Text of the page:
Read time: 3 minutes

Africa needs more relevant legislation for data protection

Africa , 18 Nov 2016

Africa needs more relevant legislation for data protection

Africa needs to follow the EU's example in laying common law that will help countries protect public and private data, as more governments are moving to offer services online.

A Liquid Telecom report, Cybersecutrity and Data Protection from Liquid Telecom, highlighted Uganda, Kenya, Tanzania, Ghana, Zimbabwe and South Africa as countries that are in the process of initiating data protection laws in Africa.

In Kenya, the Data Protection Bill of 2013 aims to make it difficult for third parties to mine personal information without consent of the owner, while in Ghana the adoption of The Data Protection Act that was passed in 2012 is facing slow enforcement.

South Africa has passed its legislation by September 2016 and in Zimbabwe privacy is enriched in the constitution.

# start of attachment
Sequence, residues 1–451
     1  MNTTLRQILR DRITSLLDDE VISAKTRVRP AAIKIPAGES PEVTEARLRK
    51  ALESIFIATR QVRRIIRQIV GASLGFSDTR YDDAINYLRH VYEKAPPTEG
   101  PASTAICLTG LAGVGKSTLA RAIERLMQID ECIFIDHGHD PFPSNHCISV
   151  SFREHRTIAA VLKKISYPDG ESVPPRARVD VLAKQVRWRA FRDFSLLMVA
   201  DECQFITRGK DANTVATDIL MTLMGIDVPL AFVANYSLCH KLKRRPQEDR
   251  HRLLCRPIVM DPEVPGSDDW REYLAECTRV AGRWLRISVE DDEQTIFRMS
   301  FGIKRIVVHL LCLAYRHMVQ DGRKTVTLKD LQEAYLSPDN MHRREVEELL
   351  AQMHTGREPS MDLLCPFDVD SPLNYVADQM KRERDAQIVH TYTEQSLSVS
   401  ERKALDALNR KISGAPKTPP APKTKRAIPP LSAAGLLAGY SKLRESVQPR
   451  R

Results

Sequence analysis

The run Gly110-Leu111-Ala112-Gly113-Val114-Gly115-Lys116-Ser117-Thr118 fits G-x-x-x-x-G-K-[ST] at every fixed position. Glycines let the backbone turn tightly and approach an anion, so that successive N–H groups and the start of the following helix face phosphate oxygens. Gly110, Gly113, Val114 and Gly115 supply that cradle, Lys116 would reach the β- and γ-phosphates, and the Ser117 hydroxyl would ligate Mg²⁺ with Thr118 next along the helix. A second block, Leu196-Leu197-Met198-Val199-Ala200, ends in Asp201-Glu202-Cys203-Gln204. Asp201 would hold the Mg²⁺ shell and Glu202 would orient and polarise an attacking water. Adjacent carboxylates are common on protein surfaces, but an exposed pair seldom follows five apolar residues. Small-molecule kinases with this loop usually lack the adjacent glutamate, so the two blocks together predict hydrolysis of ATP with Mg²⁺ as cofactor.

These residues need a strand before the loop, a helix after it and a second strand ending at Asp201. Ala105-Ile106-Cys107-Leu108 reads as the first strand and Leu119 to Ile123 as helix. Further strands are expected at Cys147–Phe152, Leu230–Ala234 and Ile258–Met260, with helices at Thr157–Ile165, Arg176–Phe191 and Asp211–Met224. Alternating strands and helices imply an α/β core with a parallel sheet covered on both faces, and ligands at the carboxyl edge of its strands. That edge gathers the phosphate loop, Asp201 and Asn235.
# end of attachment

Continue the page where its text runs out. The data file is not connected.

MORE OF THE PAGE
The only initiative to encompass most of Africa in a common legislation was taken in June 2014 with African Union's Convention on Cyber Security and Personal Data Protection, but this is still in its infancy and remains unratified by countries.

"Some 53 African states came together to agree a legal framework to regulate various fields of ICT activity, ranging from e-transactions and personal data protection to cyber security. The convention is not however any kind of legally binding instrument, and requires that individual countries put its principles into their own statute book," the report said.

The importance of data protection laws for development cannot be underestimated. The report said that such legislation could be a deciding factor for companies that wish to expand across Africa. They would "aim to avoid places where the integrity of data is set at a low premium, or where they might get hit hard by protectionist and maverick data laws designed to seal borders and favour indigenous enterprises."

Even though the efforts around the continent are still fragmented and immature, the report believes that for some countries it is becoming progressive and moving in the right direction.

"There still needs to be more consensus on the meaning of key terms like 'consent', 'public interest' and 'legitimate grounds'. But there is hope that such details can be thrashed out and enshrined in a binding framework that both protects citizens and allows for healthy economic development," the report suggests.

Read more
Daily newsletter